Editor’s note: The following story contains a description of an alleged crime of a sexual nature. Readers are encouraged to use their own discretion when deciding whether to read this article.
A doctor has testified that a sore found on an alleged victim of sexual abuse was not from trauma, making him the second medical expert for the defense to say so during a sexual abuse of a minor trial.
Dr. Stephen Guertin, M.D., the director of the pediatric intensive care unit at Edward W. Sparrow Hospital in Lansing, Mich., said the vaginal sore instead looked like recurring dermatitis, which is an inflammation of the skin.
“How can you say that’s from sexual abuse?” Guertin said Tuesday from the witness stand, pointing to a picture of the 8-year-old girl taken during a medical exam.
Guertin observed three sets of photographs of the girl, now 9, who lived in the same household as Joseph Randy Dennis, 27. Dennis was the boyfriend of the girl’s mother, and he is accused of digitally penetrating the girl in her bedroom on New Year’s Eve.
The first set of pictures was from an exam taken the day after the incident allegedly occurred; the second set, 16 days later; and the third set, five months later.
Guertin said the inflammation is visible in the first set of photographs, undergoes an atrophic change in the second set (meaning the skin becomes white and thinner), then flares back up again in the third set of photographs taken in June.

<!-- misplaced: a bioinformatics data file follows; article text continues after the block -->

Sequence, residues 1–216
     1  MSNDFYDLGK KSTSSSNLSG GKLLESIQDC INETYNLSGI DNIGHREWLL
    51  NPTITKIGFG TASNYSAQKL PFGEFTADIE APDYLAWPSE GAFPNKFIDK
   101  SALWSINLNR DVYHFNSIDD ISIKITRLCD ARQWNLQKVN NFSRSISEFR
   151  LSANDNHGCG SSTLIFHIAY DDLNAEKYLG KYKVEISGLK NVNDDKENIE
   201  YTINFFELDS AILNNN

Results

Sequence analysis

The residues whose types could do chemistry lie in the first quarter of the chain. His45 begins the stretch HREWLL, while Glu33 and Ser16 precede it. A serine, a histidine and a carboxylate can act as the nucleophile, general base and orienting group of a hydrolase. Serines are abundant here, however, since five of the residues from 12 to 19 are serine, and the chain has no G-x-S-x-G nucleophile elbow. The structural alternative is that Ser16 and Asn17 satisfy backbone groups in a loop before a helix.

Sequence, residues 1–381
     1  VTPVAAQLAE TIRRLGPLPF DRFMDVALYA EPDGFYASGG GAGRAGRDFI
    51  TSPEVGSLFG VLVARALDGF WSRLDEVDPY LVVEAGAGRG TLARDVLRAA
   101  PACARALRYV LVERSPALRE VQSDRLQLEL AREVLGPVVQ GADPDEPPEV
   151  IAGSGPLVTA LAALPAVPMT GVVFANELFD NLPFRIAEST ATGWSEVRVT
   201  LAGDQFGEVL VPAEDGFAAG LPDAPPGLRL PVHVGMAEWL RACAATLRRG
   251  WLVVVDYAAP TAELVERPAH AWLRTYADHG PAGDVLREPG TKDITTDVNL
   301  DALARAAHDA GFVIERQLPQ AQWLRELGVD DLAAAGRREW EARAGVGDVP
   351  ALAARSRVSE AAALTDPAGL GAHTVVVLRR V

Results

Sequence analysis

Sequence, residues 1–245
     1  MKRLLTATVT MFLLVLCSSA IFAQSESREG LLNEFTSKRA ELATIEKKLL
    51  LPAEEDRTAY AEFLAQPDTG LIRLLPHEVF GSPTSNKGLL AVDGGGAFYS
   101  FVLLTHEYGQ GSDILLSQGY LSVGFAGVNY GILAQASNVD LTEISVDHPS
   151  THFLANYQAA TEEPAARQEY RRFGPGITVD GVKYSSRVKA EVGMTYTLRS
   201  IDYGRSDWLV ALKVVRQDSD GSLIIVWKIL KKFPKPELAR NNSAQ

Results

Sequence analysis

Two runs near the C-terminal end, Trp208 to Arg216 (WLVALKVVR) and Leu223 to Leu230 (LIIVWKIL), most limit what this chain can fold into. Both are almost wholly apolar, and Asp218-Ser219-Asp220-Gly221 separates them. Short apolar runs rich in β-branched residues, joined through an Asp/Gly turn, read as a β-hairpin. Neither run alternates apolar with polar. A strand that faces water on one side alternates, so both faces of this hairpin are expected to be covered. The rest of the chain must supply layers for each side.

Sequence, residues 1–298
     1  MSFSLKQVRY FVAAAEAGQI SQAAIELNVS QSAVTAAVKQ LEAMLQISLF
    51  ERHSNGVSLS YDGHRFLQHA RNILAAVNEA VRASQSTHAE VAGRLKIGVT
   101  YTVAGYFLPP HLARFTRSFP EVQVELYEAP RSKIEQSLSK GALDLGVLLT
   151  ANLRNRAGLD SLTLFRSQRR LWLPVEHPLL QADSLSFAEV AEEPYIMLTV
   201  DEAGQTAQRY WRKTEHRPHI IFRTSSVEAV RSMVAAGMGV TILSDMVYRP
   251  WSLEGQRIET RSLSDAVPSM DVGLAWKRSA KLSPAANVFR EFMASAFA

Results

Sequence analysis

“Seeing it again six months later is a big deal,” Guertin said, adding, “What I see there is dermatitis, not trauma. I don’t see trauma.”
Guertin was asked by Dennis’ attorney, Public Defender Eric Hedland, to do a blind review of the photographs without any knowledge of the case.
A nurse practitioner from Homer, Carol Klamser, was also asked to review the photographs for the defense, and she testified last week the sore was caused by a medical skin condition, such as a possible combination of vaginitis and Lichen sclerosus.
After a week of trial, the state rested its case against Dennis on Monday. Their case largely hinges on testimony from Dr. carolyn Brown, as well as statements from the girl and mother. The Empire is withholding their names.